Gender Roles and Expectations in Relationships

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Hello Keepers,

African Americans have faced many hurdles to achieving political power in the United States, among them slavery, Jim Crow and disenfranchisement.
Black women, in particular, have hit barrier upon barrier.

Women didn’t gain the right to vote in the U.S. until 1920, and even then Black people – women among them – still couldn’t vote in most of the South. In the 1960s, Black women helped organize the civil rights movement but were kept out of leadership positions.


Today, Black female mayors lead several of the biggest U.S. cities, including Atlanta, Chicago and San Francisco. Black women are police chiefs, gubernatorial candidates, and, in growing numbers, congresswomen.

The vice president-elect of the United States Sen. Kamala Harris breaks three centuries-old barriers to become the nation’s first female vice president, first Black vice president and first Black female vice president.


Now, Black women, who once had no chance of even voting for president – much less being president – see one of their own a step away from the Oval Office.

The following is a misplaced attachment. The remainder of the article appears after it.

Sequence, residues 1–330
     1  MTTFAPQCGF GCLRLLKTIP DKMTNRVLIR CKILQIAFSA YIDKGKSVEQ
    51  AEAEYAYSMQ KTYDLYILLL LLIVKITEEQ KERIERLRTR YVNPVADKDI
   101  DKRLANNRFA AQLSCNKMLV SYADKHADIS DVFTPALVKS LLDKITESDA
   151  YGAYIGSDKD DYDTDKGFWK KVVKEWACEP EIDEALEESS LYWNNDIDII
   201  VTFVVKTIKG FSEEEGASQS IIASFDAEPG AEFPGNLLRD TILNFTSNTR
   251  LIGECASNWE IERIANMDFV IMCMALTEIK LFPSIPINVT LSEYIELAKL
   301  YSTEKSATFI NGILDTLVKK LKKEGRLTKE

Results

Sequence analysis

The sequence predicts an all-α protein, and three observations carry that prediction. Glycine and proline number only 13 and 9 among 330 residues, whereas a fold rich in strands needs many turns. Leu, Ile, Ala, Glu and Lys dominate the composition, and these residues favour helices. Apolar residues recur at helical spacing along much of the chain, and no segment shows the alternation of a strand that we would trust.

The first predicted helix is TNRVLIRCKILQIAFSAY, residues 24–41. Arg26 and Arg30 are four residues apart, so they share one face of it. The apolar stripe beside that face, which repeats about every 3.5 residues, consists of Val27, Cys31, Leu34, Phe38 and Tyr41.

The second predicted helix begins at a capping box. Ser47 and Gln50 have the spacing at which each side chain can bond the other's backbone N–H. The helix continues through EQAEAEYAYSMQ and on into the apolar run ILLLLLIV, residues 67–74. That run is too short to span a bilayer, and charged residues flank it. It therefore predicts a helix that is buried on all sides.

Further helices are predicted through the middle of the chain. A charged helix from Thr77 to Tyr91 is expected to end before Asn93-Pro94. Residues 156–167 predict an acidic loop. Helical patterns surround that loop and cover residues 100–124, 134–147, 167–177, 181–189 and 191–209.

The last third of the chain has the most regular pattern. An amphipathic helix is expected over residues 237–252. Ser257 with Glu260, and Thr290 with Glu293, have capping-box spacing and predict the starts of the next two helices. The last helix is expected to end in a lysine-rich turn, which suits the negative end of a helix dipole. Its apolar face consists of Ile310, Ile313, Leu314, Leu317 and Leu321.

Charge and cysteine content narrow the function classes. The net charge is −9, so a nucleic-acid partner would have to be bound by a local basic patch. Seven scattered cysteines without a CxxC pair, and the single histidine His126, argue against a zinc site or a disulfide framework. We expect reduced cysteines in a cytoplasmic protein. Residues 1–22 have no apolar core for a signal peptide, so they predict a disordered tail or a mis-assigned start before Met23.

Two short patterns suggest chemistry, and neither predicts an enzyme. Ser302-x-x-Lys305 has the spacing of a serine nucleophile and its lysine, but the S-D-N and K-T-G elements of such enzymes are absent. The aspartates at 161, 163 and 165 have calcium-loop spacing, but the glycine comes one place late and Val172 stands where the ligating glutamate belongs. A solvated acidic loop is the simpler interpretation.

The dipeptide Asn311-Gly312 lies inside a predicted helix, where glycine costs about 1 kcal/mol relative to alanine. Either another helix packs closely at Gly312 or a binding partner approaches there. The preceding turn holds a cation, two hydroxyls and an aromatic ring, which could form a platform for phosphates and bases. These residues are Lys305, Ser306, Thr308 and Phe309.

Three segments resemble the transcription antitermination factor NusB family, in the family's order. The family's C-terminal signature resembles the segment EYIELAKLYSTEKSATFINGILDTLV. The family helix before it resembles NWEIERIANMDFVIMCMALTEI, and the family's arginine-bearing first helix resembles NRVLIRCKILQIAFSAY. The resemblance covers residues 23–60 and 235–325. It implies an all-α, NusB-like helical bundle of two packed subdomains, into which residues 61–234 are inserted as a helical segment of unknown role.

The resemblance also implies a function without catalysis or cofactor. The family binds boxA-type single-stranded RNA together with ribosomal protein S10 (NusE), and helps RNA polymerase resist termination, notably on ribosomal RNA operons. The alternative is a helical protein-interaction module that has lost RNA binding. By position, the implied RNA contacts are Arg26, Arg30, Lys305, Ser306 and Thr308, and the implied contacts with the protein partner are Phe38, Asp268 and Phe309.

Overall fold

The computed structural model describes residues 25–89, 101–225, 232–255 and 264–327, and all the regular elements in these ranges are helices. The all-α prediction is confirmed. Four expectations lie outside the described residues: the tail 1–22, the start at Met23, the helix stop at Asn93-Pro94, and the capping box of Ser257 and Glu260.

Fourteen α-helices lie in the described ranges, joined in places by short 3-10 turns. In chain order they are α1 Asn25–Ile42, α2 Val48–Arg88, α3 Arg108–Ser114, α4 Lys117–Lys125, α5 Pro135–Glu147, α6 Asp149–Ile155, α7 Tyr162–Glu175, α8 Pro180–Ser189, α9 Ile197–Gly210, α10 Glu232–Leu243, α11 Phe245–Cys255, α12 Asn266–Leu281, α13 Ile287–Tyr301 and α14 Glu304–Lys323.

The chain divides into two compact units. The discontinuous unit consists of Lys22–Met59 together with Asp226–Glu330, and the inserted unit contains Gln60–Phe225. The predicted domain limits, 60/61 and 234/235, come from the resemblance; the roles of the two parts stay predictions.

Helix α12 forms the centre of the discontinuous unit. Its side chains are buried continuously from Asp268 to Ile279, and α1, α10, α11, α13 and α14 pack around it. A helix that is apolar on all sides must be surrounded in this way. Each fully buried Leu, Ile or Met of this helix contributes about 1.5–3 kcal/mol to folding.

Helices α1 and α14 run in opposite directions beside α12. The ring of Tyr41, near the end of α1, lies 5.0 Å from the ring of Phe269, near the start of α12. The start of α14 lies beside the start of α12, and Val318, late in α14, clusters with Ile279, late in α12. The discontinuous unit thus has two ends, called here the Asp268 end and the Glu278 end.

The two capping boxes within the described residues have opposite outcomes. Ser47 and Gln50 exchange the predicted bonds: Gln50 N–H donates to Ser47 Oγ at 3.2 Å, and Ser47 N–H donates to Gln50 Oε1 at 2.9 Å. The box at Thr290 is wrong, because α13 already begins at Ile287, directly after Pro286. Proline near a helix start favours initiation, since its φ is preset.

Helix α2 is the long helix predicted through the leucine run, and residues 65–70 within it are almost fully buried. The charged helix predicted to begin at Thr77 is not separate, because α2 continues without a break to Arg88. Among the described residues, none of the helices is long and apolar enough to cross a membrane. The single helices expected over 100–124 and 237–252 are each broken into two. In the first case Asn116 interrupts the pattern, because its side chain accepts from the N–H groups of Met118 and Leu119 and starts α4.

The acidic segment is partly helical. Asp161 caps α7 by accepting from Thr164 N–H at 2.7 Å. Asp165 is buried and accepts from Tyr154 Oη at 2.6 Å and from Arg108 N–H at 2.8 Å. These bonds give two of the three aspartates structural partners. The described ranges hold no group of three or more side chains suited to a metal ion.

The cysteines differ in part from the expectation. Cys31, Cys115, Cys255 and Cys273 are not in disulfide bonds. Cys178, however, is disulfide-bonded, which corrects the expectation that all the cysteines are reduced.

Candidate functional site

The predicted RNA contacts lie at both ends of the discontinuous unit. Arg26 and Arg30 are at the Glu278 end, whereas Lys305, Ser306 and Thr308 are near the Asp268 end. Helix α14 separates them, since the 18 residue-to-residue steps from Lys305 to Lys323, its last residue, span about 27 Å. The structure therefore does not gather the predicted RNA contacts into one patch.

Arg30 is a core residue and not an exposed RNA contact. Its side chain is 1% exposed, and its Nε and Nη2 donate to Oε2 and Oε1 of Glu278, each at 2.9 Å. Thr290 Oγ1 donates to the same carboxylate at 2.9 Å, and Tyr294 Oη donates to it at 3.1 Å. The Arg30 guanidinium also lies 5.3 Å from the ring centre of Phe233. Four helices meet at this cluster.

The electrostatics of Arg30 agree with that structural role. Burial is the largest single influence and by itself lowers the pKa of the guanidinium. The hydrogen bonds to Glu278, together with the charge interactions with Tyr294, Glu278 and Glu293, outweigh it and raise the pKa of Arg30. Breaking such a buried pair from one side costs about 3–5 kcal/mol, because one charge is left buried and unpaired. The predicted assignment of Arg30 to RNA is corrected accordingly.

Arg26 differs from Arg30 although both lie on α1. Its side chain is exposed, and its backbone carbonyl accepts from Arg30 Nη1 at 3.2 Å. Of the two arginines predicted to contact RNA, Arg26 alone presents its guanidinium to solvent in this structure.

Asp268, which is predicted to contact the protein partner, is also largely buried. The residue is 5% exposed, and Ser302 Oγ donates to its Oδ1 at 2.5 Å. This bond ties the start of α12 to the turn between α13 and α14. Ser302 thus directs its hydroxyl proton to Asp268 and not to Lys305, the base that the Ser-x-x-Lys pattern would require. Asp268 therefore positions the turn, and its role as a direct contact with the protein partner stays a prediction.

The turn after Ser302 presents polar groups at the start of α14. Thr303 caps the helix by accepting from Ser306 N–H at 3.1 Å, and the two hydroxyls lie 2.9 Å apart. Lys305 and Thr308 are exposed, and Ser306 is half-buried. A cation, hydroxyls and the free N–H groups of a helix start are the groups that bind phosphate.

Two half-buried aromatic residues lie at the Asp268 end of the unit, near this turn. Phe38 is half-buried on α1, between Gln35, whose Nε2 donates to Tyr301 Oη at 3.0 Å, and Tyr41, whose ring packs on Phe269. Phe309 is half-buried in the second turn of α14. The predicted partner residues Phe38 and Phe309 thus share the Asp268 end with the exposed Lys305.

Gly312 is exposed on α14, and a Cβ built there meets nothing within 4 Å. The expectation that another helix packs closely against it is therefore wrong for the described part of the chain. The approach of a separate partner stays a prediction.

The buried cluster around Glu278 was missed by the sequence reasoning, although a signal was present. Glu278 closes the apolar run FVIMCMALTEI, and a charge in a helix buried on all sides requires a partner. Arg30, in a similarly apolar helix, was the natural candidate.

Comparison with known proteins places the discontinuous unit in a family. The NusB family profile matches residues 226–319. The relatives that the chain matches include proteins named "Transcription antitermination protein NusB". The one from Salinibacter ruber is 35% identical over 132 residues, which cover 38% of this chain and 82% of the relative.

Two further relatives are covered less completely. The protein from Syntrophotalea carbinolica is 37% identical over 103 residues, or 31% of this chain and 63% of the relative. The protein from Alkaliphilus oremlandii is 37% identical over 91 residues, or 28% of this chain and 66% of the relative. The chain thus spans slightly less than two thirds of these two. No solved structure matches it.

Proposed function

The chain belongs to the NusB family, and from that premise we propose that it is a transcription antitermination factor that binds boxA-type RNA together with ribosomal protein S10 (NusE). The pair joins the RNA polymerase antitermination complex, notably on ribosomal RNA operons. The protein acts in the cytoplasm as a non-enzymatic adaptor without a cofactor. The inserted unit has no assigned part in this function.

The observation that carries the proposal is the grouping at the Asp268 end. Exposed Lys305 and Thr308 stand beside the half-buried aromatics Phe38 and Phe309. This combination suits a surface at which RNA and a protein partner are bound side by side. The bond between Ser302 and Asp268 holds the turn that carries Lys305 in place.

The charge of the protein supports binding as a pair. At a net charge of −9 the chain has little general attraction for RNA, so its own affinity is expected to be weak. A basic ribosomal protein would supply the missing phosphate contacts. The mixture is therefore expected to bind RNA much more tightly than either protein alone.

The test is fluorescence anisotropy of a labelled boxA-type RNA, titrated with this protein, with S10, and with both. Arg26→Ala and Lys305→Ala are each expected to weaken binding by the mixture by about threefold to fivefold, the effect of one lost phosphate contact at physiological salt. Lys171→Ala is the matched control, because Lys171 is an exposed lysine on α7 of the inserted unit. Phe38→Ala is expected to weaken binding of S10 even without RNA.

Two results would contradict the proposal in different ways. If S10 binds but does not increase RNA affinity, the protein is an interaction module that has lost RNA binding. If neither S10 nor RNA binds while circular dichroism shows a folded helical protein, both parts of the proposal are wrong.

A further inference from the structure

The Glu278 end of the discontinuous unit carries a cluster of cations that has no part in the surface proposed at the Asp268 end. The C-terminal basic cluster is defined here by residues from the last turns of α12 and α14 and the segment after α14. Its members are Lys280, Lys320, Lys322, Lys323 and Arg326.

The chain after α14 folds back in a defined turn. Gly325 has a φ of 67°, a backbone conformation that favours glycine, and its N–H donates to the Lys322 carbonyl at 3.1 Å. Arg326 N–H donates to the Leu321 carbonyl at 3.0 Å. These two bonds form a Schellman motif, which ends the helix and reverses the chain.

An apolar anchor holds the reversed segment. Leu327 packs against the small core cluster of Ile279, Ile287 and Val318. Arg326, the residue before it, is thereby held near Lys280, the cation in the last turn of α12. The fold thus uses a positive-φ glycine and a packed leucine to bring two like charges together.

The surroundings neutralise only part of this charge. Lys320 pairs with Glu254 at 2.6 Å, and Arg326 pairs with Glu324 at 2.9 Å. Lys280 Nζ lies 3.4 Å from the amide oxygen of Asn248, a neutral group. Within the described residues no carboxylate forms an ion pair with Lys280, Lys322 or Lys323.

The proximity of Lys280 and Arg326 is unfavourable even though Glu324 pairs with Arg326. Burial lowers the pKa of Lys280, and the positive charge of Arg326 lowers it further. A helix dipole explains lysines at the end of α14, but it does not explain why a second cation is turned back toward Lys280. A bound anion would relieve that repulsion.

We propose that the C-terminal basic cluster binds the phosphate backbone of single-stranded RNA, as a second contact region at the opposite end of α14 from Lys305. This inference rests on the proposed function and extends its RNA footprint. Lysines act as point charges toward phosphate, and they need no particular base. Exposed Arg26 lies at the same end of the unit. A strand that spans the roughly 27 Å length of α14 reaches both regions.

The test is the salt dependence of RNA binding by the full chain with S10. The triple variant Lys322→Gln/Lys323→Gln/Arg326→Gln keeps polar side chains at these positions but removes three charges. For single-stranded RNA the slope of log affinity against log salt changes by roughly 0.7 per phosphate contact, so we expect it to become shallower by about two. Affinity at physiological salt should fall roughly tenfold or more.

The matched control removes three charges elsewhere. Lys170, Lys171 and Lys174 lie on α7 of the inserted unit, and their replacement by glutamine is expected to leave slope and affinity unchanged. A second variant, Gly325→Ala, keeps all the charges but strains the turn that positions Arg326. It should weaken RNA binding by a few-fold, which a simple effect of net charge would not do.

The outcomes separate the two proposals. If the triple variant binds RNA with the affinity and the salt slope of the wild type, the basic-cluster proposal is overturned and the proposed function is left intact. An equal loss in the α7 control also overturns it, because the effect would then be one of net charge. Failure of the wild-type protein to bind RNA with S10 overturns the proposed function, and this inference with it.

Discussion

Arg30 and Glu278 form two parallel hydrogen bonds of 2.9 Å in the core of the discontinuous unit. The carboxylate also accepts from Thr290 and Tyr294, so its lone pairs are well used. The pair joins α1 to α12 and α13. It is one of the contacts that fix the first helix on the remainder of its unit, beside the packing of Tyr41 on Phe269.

In light of all of these amazing accomplishments, I find that the conversation about gender roles and expectations is quite interesting and the commentary that I have received from both Men and Women is quite interesting.

Here are three major comments that motivated me to write this blog that I heard within the last year:

Comment # 1: I was at a ladies get together last summer (pre Covid) and one woman attendee who was in her 30’s and had been married for about 8 years was advising the rest of us women in the room that we should never consider marrying a man who makes less money than us, she considered it a bad decision all around.

Comment # 2: I was at an event this past summer (A Social Distance BBQ) and there was a gentleman who mentioned that his wife made 2X more money than him as a prominent LA Attorney and despite the fact that his marriage with her had been harmonious, there were still guests at the event who razzed him about being “2nd in Command” at home.

Comment # 3: I was with a lady friend of mine who mentioned that she had created an online dating profile and that she downplayed her actual job title so she would not “scare” potential suitors who may be intimidated by her success.

Okay, I believe we all get the gist of these comments: There is a lot we need to discuss as a community and think about:

  • There is still a perception about gender roles: Gender roles can be defined as the behaviors, values, and attitudes that a society considers appropriate for both male and female. Traditionally, men and women had completely opposing roles, men were seen as the provider/breadwinners and women were seen as the caretakers of the home.
  • As mentioned, Black women are making historical strides in leadership roles in all sectors of America.
  • 40% of Black households with children under 18 in the last forty years are led by a woman as a sole or primary breadwinner.